STD Superbugs – and What That Means for You

std superbugs

Gonorrhea, chlamydia, and syphilis, oh my! What does it mean when these once common but curable STDs become resistant to antibiotics?

A recent World Health Organization (WHO) report (via NBC) provides new guidelines for treating these STD “superbugs” due to evidence of increased resistance to previously effective treatments like antibiotics. While syphilis and chlamydia are in the process of becoming resistant (thus they have only shown signs of antibiotic resistance in some cases so far), gonorrhea is already in full blown superbug mode.

A superbug is a bacteria that has evolved to survive multiple drugs that previously cured the infection. So, what is gonorrhea? How does it affect the body? What does it mean that it might not be curable? And what can we do about it?

Gonorrhea Superbug Symptoms

Gonorrhea, along with chlamydia and syphilis, are caused by the bacteria entering the body, not a virus. Gonorrhea is contracted by oral, anal, or vaginal sex, but not by sitting on a public toilet seat (you can’t get any STDs from a toilet seat). Symptoms can include pain while urinating, or penile or vaginal discharge (gonorrhea literally means “flow of seed” because it was mistakenly thought penile discharge was “seed” flowing out against its will), but many people won’t have symptoms at all. If they do, it is often mistaken for a bacterial or vaginal infection. If left untreated, gonorrhea can cause pelvic inflammatory disease and/or infertility.

So, what does it mean when an STD becomes a superbug, and we might not be able to cure an infection that can cause such serious conditions? It means that STDs are “learning” and if they continue to spread, we may never be able to eradicate them. This is one of the many reasons why vaccination is key – although we do not have a vaccination for gonorrhea, chlamydia, and syphilis, there are vaccinations for HPV and Hepatitis B. Finally, although resistant strains have yet to be reported in the United States, WHO’s finding are concerning because funding and testing for new drugs and treatments takes a long time – time we may not have before STD superbugs are experienced here.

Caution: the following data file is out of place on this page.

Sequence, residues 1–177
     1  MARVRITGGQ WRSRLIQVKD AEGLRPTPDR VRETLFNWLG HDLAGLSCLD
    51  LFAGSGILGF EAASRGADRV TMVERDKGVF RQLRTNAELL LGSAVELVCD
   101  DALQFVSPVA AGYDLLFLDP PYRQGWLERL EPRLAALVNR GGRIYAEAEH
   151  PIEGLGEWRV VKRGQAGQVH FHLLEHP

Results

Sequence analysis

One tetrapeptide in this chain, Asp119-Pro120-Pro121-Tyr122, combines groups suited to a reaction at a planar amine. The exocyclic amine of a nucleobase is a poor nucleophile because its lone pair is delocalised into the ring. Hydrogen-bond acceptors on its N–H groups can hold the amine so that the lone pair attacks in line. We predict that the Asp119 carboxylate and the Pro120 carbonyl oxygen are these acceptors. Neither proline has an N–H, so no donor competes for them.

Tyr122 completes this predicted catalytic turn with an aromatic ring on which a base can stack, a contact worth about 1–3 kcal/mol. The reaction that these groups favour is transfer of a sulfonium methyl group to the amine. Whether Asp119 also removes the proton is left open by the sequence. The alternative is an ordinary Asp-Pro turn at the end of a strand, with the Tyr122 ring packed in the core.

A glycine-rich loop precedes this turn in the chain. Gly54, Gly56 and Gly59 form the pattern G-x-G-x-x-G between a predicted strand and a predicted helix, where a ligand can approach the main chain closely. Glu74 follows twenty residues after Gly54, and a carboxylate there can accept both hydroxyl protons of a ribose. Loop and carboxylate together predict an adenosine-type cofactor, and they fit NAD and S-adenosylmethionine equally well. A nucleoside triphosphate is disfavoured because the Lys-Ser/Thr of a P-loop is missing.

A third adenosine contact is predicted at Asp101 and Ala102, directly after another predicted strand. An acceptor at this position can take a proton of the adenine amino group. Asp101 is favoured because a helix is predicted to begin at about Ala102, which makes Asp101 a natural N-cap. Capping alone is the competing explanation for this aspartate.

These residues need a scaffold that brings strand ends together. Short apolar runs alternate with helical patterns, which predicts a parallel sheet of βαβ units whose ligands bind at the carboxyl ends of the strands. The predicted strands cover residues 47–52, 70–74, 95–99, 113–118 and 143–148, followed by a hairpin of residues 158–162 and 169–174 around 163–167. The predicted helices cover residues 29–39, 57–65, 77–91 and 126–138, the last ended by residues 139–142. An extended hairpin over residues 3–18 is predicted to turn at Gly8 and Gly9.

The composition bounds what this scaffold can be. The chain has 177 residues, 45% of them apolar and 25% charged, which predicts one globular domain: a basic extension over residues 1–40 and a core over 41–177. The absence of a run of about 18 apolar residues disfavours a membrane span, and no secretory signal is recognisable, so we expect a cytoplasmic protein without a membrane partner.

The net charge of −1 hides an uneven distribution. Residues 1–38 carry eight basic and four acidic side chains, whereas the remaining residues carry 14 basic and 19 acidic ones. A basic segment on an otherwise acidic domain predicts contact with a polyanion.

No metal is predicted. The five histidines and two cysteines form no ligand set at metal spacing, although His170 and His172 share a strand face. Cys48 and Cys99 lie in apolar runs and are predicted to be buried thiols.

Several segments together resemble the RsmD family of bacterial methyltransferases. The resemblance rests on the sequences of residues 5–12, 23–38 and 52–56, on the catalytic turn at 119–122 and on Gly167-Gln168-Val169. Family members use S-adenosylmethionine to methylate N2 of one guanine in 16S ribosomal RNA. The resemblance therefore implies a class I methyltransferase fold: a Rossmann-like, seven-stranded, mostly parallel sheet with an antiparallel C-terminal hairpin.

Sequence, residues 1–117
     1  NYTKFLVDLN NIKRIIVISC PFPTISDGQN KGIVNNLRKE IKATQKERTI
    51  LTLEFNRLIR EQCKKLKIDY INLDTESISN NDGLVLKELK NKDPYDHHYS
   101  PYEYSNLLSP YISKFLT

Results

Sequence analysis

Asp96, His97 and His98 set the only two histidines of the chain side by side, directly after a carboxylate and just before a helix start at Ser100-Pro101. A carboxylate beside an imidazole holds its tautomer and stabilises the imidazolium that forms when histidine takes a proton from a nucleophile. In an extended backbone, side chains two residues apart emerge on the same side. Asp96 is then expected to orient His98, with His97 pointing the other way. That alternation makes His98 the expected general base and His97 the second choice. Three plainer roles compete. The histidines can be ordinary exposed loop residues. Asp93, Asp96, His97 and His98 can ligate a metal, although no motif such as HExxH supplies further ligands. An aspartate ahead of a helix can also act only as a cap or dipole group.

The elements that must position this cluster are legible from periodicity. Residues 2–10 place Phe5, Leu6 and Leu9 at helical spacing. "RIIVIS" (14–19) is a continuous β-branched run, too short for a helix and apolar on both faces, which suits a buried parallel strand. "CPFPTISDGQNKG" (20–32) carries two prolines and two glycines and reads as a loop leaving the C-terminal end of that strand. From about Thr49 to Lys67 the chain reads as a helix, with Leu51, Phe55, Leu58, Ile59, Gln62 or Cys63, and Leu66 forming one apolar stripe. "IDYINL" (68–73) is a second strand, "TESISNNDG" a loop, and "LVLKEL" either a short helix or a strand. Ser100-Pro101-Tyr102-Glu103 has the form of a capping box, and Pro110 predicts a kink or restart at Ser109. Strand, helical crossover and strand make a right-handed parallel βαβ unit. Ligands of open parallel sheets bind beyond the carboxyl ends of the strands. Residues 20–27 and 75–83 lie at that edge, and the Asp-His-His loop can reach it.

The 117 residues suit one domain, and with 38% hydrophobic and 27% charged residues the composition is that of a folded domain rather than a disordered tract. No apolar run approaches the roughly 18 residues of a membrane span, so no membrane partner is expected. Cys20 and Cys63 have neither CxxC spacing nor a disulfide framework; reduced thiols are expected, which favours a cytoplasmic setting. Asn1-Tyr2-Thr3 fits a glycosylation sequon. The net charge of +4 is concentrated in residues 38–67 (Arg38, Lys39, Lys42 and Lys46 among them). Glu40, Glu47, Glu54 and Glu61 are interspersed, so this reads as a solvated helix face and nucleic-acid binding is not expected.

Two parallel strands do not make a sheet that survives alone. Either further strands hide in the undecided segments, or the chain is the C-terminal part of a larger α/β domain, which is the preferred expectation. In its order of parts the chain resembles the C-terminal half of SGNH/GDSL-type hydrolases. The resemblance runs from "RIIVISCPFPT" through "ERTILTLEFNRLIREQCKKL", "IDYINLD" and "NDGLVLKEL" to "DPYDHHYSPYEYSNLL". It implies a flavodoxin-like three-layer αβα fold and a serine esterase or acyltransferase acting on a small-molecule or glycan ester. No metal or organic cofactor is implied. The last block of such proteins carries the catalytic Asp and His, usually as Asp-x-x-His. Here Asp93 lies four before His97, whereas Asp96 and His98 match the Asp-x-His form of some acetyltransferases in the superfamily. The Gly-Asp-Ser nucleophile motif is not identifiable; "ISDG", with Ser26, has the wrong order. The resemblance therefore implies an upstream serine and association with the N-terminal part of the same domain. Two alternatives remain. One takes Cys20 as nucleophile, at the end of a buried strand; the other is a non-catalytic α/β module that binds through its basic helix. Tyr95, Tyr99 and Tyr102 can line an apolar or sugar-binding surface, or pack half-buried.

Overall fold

Preventing STD Superbugs

Vaccination is one form of prevention for STD superbugs, but it’s not the only option. Gonorrhea is spread through sexual intercourse, including oral and anal sex (with unprotected anal sex having the highest risk factor).

First, talk to your partner before engaging in sexual activity about when the last time they were tested was and what kind, if any, STDs/STIs they might have. If it’s been awhile since either of you have been tested, it is a good idea to get tested before having sex (tips on having that awkward conversation here).

Second, use condoms – we cannot stress this enough. Using a condom is one of the best ways to prevent contracting or spreading STD superbugs. “I don’t like them” is not a valid reason to engage in health threatening behavior. If Nike were to make a slogan regarding STDs, it would be “Just Do It – With a Condom.” No excuses – unless you and your partner have both been tested for STDs recently, and have had an open and honest conversation about forgoing this form of protection, it’s not an option.

Third, get treatment ASAP. If you think you may have been exposed to an STD/STI or are experiencing symptoms, seek treatment immediately. Besafemeds is an affordable, discreet, and fast way to get treatment – contact us today to get the help you need.

And finally, follow doctors orders religiously. Doctors prescribe a certain amount of medication designed to be taken with specific directions. When a doctor prescribes an antibiotic to be taken twice daily for 10 days, it doesn’t mean twice daily until it goes away, maybe after 6 days. Just because the symptoms have stopped it doesn’t mean you are healed. Misuse of antibiotic drugs (along with treating someone prior to testing, and people engaging in risky behavior while not showing symptoms) is one of the leading causes of drug resistant superbugs, so do your part and follow doctor’s orders!

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